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Alex Smith

@ Sunday Times Books LIVE

Secret Gardens of Cape Town #17 Soil for Life



Vegetables growing, lush and abundant, are as beautiful a sight as any bed or bank of flowers. Well some do have the loveliest of flowers too, like artichokes and cauliflowers. Although I do not seem to have green fingers, I so envy those who do – people with patience and wisdom who know how to make beans and pumpkins and squashes grow and carrots and cabbages and lettuces thrive. Perhaps in time, I will become one of those clever souls. For the moment though, I can but marvel at gardeners who are good at their jobs.

sqaure foot

Like baking cheesecake, I never imagined I would one day set foot in a garden club of ladies, but this weekend past, I did. And what a wonderful gathering it was, of people who know the scientific names of plants, who know F1 seeds from open pollinated seeds and how to cure a snail problem with the jam-jar lid of beer (yes! Snails love beer and it’s a better way to go than salt, so they say). It was a very professional club and there was a fantastic guest speaker, a woman, named Christine Stevens, who has been an organic farmer for fifteen years. She has written two books about harvest and kitchen.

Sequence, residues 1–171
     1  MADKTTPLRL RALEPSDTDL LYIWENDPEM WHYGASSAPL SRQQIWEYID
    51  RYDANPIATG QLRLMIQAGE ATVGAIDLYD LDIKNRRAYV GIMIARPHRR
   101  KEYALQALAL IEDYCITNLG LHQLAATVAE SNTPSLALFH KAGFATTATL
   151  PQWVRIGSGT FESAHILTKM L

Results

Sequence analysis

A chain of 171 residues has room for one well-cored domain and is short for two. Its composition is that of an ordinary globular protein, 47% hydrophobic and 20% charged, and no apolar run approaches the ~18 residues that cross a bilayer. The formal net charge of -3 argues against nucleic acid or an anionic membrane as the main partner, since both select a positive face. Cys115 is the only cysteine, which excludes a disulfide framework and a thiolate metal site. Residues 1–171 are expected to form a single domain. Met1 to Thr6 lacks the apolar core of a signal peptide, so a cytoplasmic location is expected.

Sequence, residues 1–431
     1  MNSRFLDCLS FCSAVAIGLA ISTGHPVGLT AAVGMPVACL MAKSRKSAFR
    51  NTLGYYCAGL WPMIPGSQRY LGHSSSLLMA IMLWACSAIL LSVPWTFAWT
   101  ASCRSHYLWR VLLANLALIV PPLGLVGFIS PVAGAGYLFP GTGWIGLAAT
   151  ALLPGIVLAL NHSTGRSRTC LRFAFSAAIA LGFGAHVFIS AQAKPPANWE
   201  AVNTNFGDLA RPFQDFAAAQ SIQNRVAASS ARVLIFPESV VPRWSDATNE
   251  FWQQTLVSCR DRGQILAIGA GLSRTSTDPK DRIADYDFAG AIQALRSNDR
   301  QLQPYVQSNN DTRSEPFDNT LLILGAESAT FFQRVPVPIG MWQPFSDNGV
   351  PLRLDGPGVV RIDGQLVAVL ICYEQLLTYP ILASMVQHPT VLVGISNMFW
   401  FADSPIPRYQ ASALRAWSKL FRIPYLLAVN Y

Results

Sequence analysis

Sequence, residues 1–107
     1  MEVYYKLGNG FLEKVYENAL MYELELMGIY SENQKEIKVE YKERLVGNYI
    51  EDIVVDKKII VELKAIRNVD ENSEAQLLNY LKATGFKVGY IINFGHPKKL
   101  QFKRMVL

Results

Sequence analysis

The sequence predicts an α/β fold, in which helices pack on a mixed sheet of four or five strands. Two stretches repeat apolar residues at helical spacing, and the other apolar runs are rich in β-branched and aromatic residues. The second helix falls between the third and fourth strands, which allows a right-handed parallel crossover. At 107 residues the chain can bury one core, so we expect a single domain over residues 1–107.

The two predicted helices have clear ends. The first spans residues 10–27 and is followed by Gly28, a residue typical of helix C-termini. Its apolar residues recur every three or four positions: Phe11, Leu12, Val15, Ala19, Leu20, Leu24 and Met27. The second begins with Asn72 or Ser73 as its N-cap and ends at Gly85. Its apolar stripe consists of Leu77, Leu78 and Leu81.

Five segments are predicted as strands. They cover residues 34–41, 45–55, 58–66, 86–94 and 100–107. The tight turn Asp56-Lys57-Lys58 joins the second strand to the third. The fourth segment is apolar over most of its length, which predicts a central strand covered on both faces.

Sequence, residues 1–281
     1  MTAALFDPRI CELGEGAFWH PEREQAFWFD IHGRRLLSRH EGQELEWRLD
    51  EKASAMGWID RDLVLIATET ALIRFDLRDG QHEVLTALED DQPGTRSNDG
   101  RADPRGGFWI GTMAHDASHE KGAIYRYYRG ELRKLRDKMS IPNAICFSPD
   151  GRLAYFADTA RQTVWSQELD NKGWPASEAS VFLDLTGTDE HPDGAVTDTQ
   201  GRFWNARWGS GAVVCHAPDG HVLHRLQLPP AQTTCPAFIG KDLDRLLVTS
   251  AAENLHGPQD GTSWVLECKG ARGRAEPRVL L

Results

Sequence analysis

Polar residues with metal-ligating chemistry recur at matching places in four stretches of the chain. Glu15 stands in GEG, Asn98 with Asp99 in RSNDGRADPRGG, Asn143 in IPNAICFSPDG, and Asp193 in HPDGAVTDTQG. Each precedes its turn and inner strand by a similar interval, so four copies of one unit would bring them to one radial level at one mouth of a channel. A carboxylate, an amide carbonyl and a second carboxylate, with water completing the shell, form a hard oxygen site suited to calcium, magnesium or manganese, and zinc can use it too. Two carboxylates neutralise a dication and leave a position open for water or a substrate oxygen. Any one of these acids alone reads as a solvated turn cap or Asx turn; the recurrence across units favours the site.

soil for life

From all these amazing women, I learned so much, but perhaps one of the most precious secrets I gleaned was that about the Soil For Life education centre garden. It is more than a secret, it is a treasure: glorious vegetable garden, a way of life and an organisation. In particular, it is an organisation that focuses on teaching people how to create healthy soil and grow organic food. They empower people. In their words: ‘we teach as many people as we can how to grow their own food and to care for the earth. The majority of Cape Town’s households are food insecure, and for these families the ability to grow their own food and generate some small income represents a genuine step up in the world.’
They welcome visitors to the education centre garden – you can wander and be inspired; participate in workshops about creating healthy soil; buy seedlings if you need them, or if you are like Elias, you can pretend to drive the wooden tractor, test out chairs made from trees and roll in the gooseberry bush.
Whatever you do, visit it!
Soil for Life is a charity, and it is so worth supporting.


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